FAIRBANKS - Outdoor enthusiasts, including hunters and conservationists, largely oppose a proposal to allow off-road vehicle use along the Dalton Highway.
Most of the 100 who attended a public comment session on Tuesday argued that lifting the long-standing ban would damage the area's landscape, increase hunting pressure on caribou and moose populations, disrupt scientific research at the Toolik Field Station and cause safety problems along the 414-mile road.
Off-road vehicles are currently prohibited from driving within five miles of either side of the Dalton Highway between the Yukon River and the Arctic Coast. The proposal would remove the restriction north of the Yukon River crossing. The road serves as the main supply route for Prudhoe Bay.
The law allows people to stop their vehicles anywhere along the highway and walk, ski or dogsled into the countryside.
"There already is access to the area," said Nancy Fresco of the Northern Alaska Environmental Center.
Most of the criticism centered on the use of four-wheelers and the ruts the vehicles can leave in the spongy tundra during the summer.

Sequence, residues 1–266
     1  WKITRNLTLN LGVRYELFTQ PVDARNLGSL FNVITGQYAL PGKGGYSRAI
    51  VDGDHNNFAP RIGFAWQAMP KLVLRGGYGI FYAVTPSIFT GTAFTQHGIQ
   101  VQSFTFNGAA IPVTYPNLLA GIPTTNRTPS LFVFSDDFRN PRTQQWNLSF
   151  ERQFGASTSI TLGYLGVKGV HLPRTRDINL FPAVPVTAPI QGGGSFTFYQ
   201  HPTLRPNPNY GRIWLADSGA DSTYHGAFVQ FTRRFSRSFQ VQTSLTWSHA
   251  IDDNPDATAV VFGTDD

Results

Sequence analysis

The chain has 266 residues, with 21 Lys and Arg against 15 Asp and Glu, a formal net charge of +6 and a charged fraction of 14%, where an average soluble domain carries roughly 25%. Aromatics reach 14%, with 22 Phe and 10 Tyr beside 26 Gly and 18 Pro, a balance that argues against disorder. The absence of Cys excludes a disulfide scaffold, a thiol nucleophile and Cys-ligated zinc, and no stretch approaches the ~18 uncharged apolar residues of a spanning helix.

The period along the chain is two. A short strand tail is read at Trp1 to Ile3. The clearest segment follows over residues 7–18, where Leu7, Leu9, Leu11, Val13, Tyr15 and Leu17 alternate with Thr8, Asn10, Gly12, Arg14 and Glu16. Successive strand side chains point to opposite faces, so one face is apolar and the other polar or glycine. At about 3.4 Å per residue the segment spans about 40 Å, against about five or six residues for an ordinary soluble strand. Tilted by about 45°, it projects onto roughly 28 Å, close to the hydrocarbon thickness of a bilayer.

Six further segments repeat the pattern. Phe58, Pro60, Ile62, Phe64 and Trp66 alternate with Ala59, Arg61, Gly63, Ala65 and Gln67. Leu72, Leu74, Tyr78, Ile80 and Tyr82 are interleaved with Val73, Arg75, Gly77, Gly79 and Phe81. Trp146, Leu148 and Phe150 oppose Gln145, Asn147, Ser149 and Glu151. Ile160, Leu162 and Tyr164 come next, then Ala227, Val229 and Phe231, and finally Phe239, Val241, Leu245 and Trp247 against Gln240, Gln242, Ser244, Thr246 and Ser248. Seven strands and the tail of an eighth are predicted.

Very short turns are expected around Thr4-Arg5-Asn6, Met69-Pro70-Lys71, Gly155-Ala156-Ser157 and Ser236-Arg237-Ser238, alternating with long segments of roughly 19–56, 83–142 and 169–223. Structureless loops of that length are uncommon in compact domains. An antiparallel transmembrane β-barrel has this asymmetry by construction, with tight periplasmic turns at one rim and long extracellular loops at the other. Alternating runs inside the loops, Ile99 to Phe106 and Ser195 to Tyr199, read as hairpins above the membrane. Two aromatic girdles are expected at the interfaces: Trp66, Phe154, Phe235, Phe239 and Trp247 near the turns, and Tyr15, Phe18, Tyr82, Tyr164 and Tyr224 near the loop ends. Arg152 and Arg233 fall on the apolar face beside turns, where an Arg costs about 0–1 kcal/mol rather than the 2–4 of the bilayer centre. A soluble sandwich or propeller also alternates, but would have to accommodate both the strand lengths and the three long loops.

Kotzebue Democrat Rep. Reggie Joule, an Inupiaq Eskimo, said there was concern among Native and non-Native residents in the area about the impact the proposal would have on subsistence and tourism activities.
Scientists from the Toolik Field Station, 284 miles up the highway, testified on the potential effect of four-wheelers. The station attracts $36 million in research funding and about 350 scientists annually who research climate on the tundra.
"We have real concerns that the use of wheeled vehicles in the area would jeopardize the research that's done at the station," said Brian Barnes, director of the Toolik Field Station. Barnes said he would not object to granting greater access to snowmachines during the winter.
Testimony before the Senate Resource Committee in favor of opening the area was scarce.
Fairbanks Republican Sen. Ralph Seekins, the bill's sponsor, said state and federal management would limit any environmental damage from allowing off-road vehicles near the road.
"Every issue that was raised here has already been addressed in the bill," he said.
The purpose of removing the restriction is to provide greater public access to a large part of the state for recreation and hunting, Seekins said.
Public meetings on the issue will be held this week in Coldfoot, Barrow and Peters Creek.
Seekins first introduced legislation to lift the ban in 2004 and again in 2005. If it doesn't pass this session, the bill will die.
The proposal stalled in committee at the end of the last legislative session. Its expected to go to the Senate floor for a vote when the Legislature resumes in January.